Three years later he praised Nehru for being an “Internationalist among the Nationalists. Pandit Nehru had always held the view that the Indian problem was a part of the world problem. Therefore, it was essential for him to go out and study the situation outside India. At such time, the only person who could effectively represent the Indian aspirations was Pandit Nehru. During the last two years, as president of the Indian National Congress, he had done untiring work. He had toured from the Khyber to Kanya Kumari and from Karachi to Calcutta and had the fullest knowledge of India’s strength today.” ( Nehru-Patel Agreement within Differences Select Documents and Correspondences 1933-1950 edited by Neerja Singh, p 26-27.)
On the other hand, Nehru was impressed by Patel’s leadership at Bardoli which made Patel the first Sardar of Bardoli, and later Sardar of India. Also reminding his readers in his Autobiography that Patel was a more loyal colleague of Mahatma Gandhi than him, on page number 287, he wrote, “Perhaps in the whole of India Gandhi has had no more loyal colleague than Vallabhbhai – a man strong and unbending in his work, and yet devoted to him personally and to his ideals and policy. I could not claim to have accepted these ideals in the same ways.”
On page number 180 of An Autobiography, “In Gujarat a conflict on a big scale developed between the peasantry and the Government because of the attempt of the latter to increase revenue__Gujrat become an area of peasant proprietors where Government deals directly with the peasants. This struggle was the Bardoli Satyagraha under the leadership of Sardar Vallabhbhai Patel. It was gallantly carried through to the admiration of the rest of India. The Bardoli peasantry met with a considerable measure of success, the real success of the campaign, however, lay in the effect it produced amongst the peasantry all over India. Bardoli became a sign and a symbol of hope and strength and victory to the Indian peasant.”
When Sardar turned 70, Nehru paid tribute to him in the following words. “For more than a quarter-century now we have been associated with each other and we have had to face all manner of crisis and difficulties. These years have been years of trail for all of us in India. Some have shrunk, or fade away, or just remain where they were. A few, a very few have grown in stature with the years and have left their mark on events, which formed the fabric of history. Among these latter chosen ones, stands Vallabhbhai Patel. Strong of will and purposes, a great organizer, wholly devoted to the cause of India’s freedom, he has inevitably roused powerful reactions. Some have disliked him because they could not fall in line with him. But far greater numbers of people have found in him the leader of their choice, and, working with him and under him, have laid the foundations of Indian freedom. To those who had the privilege of working with him, he has always been a tower of strength on whose advice they could confidentiality rely and whose comradeship they valued greatly.” (Allahabad,18 October 1945, The Hindu, 31 October 1945.)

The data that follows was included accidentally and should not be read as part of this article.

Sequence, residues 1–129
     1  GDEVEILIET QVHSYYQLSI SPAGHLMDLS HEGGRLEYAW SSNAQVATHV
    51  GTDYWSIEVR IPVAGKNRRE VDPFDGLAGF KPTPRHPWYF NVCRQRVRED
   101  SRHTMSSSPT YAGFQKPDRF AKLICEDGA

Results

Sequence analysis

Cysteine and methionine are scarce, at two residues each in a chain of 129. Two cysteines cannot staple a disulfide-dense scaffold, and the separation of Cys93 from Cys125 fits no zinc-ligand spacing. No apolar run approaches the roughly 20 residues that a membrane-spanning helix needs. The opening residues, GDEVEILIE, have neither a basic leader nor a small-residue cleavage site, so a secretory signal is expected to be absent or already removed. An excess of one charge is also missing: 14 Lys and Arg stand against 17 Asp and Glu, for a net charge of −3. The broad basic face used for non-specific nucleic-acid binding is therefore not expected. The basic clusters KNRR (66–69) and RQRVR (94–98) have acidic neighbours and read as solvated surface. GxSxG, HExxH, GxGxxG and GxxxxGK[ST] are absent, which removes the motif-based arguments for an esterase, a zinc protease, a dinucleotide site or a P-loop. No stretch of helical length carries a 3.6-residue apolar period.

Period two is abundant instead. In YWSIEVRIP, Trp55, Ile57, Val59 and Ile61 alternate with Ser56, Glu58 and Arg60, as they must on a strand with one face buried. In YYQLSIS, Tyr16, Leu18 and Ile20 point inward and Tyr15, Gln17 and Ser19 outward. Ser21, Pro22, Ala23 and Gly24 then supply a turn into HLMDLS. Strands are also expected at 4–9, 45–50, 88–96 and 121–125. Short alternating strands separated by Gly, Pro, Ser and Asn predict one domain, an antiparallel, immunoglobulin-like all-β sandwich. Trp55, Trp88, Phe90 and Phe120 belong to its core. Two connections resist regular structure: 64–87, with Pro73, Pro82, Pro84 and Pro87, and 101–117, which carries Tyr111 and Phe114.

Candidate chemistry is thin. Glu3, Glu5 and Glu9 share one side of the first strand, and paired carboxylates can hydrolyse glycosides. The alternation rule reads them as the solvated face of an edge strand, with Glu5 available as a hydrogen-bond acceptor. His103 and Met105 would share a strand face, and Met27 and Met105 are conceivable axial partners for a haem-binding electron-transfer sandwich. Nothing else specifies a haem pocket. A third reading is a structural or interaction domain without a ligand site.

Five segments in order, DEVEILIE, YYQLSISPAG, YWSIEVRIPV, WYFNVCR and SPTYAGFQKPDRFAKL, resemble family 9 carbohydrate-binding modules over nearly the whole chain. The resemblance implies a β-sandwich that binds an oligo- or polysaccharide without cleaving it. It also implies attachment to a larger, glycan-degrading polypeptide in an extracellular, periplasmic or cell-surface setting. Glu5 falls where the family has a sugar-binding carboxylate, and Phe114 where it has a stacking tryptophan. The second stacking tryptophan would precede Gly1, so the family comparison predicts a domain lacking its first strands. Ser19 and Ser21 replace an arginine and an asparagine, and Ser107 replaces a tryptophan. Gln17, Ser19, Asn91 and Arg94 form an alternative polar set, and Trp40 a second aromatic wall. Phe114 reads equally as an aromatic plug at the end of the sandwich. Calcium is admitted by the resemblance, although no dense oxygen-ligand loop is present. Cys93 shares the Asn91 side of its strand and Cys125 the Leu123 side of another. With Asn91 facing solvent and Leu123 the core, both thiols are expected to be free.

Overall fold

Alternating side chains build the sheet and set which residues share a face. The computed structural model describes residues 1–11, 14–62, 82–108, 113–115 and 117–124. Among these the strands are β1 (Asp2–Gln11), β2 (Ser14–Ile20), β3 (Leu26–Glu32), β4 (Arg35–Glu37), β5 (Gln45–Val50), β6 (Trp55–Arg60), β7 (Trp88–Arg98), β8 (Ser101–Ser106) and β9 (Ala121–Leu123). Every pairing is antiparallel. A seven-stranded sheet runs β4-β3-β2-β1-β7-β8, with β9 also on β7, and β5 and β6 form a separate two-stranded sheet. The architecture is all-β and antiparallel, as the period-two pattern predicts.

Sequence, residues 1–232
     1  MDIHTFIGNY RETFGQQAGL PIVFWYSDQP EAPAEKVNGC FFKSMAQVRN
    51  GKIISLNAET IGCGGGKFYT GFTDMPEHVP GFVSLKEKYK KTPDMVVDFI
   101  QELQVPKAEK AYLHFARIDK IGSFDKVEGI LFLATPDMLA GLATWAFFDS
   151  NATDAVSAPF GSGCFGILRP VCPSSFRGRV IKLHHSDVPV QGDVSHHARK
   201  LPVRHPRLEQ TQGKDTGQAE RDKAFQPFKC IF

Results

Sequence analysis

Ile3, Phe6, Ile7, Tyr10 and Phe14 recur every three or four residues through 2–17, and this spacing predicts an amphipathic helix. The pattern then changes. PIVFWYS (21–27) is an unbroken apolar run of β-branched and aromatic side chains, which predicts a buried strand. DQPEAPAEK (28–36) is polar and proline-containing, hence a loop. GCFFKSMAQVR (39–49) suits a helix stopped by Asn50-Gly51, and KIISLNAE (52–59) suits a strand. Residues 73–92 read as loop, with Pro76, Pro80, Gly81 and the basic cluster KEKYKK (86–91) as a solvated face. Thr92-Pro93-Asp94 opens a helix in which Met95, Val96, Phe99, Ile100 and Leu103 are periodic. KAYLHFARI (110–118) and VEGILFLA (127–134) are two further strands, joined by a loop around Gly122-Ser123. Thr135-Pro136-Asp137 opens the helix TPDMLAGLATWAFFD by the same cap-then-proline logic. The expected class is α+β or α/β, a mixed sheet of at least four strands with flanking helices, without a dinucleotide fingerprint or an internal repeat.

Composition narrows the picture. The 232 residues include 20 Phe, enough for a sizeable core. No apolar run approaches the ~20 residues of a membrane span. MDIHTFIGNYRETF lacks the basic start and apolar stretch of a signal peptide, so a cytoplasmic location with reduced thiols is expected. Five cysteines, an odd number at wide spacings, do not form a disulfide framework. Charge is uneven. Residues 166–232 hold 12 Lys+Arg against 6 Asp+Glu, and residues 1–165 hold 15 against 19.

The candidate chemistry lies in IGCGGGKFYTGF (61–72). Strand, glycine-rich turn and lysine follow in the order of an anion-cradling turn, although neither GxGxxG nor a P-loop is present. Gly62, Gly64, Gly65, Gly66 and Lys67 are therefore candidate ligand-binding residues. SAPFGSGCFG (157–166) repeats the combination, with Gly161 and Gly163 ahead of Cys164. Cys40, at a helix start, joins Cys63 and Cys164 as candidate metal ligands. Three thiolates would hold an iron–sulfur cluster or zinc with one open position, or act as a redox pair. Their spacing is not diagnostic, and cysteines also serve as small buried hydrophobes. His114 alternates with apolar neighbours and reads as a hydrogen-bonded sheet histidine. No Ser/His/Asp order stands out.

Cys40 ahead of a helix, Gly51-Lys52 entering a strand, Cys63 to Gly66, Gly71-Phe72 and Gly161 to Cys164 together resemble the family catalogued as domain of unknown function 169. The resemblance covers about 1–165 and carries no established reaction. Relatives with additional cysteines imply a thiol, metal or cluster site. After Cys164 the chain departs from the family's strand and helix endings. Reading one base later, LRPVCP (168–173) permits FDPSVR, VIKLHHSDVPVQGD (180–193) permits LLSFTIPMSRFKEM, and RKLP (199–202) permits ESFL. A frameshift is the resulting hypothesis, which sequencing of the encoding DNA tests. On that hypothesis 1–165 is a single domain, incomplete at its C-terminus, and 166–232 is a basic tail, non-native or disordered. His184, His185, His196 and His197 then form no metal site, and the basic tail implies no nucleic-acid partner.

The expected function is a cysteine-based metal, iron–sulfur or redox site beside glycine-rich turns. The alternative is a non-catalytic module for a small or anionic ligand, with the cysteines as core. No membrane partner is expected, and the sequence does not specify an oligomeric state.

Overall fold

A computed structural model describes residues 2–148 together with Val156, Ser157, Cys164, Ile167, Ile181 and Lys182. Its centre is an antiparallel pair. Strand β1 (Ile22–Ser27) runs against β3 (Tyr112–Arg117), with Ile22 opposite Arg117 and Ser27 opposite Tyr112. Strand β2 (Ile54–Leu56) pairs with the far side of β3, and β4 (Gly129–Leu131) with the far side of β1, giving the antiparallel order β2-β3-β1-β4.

When Nehru was about to become the prime minister, he invited Sardar Patel to his cabinet by calling him the “strongest pillar of the cabinet.” Patel shared his emotions, in these words, which remain true till his death, “Our attachment and affection for each other and our comradeship for an unbroken period of nearly 30 years admit of no formalities. My services will be at your disposal, I hope, for the rest of my life and you will have unquestioned loyalty and devotion from me in the cause for which no man in India has sacrificed as much as you have done. Our combination is unbreakable and, therein, lies our strength.”
In Revenge and Reconciliation: Understanding The South Asian History, Rajmohan Gandhi writes that Nehru had unquestioned loyalty, not unquestioning loyalty of Patel, while both were frank to each other and expressed their disagreements, they sailed together in those formative years, Patel mentions, “I am taking this opportunity to clear your mind of the misimpression you have got about myself and Jawaharlal going to part. There is absolutely no truth in the matter. We cannot think of doing so at this juncture… Of course, there are differences of opinion between us, as all honest people have. But that does not mean that there would be any difference between our mutual regard, respect, admiration, and confidence.”___ Sardar Vallabhbhai Patel, September 25, 1948. Sardar’s Letters – Mostly Unknown” – II (Vol. V), p. 301.
Though they had decided to part their ways before Gandhi’s assassination, Gandhi had advised Patel for a joint leadership minutes before his assassination. When questions were asked by communists like Jaiprakash Narayan on the efficiency of Home Minister, Patel tended his resignation. Then, a letter came from Nehru. “My dear Vallabhbhai, with Bapu’s death, we have to face a different and more difficult world. I have been greatly distressed by the persistence of whispers about you and me, magnifying out of all proportion any differences we may have. We must put an end to this mischief. For over a quarter-century, you and I have faced many storms and perils together. In this crisis we now face, I think it is my duty, and if I may venture to say yours also, for us to face it together as friends and colleagues, not merely superficially but in full loyalty to one another and with confidence in one another.”